As grateful as your kids would be to receive the balance of your super fund as an inheritance, most clients I speak to would prefer to help them along the way if that created a more significant long-term impact.
While the rules can be overly complex, superannuation is often overlooked as a really effective vehicle to help transfer wealth to the next generation. So how can we manage this super death tax while helping the kids along the way? Here are three simple strategies that may help.
A “recontribution” strategy
Your super fund is generally made up of two components; money contributed to your fund that has already been taxed (tax-free) and money contributed by your employer or that you personally claimed a tax deduction for (taxable). Future earnings also count towards your taxable component.
The tax-free component is ultimately received tax-free by all beneficiaries. However, the taxable component carries a potential tax cost on your death. If passed to a dependent via a lump sum, this is usually tax-free. However, when passing to a non-dependent like an adult child, an extra 15% tax is incurred.
Once you’ve reached your preservation age and retired or turned 65, you are eligible to draw money out of super as a lump sum or through a pension and then contribute it back to your super fund, providing contribution rules are followed. Assuming you’re older than 60, there is no tax to pay on taking money out or putting it back in (“recontributing”). If your super fund has a high proportion of taxable components, you effectively reduce the future tax your kids will eventually pay.
Current legislation allows individuals to contribute up to $110,000 each financial year as after-tax or non-concessional contributions or up to $330,000 in one year using the bring-forward arrangement.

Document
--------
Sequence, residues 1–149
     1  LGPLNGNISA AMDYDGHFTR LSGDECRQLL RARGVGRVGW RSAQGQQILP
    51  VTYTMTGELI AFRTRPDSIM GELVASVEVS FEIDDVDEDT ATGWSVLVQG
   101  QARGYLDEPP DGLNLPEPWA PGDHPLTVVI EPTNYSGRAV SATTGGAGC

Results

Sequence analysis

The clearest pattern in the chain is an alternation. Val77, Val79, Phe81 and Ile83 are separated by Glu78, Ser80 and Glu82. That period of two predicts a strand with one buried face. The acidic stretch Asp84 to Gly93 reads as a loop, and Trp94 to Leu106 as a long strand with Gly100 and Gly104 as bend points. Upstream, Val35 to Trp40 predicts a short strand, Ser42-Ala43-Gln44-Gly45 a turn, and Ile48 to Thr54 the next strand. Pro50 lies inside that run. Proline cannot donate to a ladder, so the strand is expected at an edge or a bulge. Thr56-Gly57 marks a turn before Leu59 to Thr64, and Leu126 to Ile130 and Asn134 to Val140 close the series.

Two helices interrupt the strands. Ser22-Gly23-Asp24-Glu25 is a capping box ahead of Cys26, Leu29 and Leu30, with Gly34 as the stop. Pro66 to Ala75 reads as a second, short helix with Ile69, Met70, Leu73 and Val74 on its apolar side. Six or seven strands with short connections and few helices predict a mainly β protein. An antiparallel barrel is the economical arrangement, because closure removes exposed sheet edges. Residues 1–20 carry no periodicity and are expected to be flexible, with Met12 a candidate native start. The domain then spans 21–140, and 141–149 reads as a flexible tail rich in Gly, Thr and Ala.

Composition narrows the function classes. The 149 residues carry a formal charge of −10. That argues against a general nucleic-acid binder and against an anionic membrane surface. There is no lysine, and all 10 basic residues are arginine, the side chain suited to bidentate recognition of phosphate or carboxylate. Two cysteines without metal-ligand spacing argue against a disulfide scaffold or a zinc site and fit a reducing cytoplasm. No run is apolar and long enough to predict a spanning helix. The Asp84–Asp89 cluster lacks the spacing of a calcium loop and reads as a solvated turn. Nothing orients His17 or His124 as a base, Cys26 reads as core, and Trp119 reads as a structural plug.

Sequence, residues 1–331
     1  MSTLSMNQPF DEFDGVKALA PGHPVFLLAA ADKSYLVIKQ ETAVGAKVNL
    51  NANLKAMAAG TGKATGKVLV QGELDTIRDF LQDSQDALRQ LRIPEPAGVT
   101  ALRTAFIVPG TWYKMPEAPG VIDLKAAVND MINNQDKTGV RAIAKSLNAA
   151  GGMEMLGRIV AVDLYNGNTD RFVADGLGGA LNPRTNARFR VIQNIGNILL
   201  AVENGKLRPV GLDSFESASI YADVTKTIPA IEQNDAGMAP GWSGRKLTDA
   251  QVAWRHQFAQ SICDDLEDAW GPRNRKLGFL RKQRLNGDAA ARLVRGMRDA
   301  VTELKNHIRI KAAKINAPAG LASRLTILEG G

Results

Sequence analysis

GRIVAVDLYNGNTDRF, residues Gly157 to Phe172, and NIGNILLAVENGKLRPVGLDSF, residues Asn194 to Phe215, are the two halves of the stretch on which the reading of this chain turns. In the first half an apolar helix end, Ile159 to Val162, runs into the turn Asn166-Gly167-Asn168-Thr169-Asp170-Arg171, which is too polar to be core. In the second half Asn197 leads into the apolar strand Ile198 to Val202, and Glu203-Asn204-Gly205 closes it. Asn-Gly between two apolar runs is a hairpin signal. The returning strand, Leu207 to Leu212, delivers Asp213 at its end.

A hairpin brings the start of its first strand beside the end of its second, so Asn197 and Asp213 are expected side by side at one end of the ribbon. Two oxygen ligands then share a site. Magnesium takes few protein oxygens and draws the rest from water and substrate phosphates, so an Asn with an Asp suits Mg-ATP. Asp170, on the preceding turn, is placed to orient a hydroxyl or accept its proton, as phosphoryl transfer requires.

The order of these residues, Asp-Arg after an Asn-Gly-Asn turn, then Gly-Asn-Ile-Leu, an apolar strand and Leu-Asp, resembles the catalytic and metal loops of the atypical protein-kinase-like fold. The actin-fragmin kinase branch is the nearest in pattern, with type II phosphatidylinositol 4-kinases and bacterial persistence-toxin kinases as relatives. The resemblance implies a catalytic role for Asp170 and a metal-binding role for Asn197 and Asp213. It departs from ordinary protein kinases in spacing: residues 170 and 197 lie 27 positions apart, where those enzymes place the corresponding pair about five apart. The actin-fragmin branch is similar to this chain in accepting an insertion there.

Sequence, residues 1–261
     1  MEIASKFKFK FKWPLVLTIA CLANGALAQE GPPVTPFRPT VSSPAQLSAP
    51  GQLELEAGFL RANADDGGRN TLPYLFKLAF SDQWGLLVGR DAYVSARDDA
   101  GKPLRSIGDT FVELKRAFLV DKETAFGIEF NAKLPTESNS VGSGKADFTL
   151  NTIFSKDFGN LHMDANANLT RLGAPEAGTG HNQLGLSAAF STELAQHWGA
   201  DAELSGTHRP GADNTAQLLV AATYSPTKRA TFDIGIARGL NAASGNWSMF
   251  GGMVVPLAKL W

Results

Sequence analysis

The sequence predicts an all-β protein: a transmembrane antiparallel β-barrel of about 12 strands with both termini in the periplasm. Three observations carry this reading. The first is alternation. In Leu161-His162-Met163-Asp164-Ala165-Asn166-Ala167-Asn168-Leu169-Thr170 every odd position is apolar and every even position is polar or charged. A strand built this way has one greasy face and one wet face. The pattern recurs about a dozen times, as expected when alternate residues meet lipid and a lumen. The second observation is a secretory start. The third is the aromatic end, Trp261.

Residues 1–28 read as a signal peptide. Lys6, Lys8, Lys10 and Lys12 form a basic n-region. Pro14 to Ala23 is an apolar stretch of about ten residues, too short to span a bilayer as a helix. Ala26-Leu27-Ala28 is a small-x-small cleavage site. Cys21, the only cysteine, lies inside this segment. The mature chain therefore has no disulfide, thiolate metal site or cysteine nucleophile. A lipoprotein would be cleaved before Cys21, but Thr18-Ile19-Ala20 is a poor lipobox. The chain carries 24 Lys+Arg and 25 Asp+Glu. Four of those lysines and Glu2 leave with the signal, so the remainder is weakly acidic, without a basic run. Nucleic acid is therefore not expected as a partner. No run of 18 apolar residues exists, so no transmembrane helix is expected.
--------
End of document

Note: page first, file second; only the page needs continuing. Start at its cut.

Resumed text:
If you have a super fund made up of solely a taxable component, withdrawing and contributing back $300,000 might save your children up to $45,000 in tax ^1.
The recent federal budget has also been kind to retirees by proposing to defer the work test requirement from the 1st of July 2022, meaning you may be able to continue this strategy up to age 75.
Contribution limits apply based on your age, total super balance and transfer balance cap, so seek advice before employing this strategy.
Tax deductions and compound earnings
Although the ability to make personal, tax-deductible contributions to super stops for you once you are aged 67 and finished work, you can help your kids fund their own tax-deductible contribution to super.
For example, helping the kids make a $10,000 tax-deductible contribution each year for 10 years turns a $100,000 head start into just over $167,000 of value, made up of the initial net contribution, super fund earnings and personal tax refunds. After another 10 years of earnings only, their super balance increases by a further $140,000^2.
For some, there is currently the opportunity to play catch up by using the last two previous financial years of contribution cap limits that weren’t met by employer contributions.
The benefit increases as your children’s salary increases, and equally, the benefits reduce when the child’s income drops below $45,000.
Once again, there are many variables to consider, so worth speaking to your adviser before proceeding.
Read more about finance tips for young adults.
A super boost from the government
An annual government co-contribution might provide a nice, early boost to their super fund for children who are just starting their working life.
On a $40,000 total income, a $1,000 personal contribution will result in a co-contribution of $500. A 50% return, day one! The benefit scales down on incomes above $40,000 and cuts out completely at around $54,000. Be aware that your child must have earned at least 10% of their taxable income through employment.
Summing it all up:
Despite complex rules and jargon, it really does pay to take time to understand superannuation and what your options are. For peace of mind, speak to your accountant or financial adviser before proceeding with an option that is best suited for you.
1 $300,000 x 15% = $45,000
2 Assumes 15% contributions tax, 8% after tax return and 32% marginal tax rate.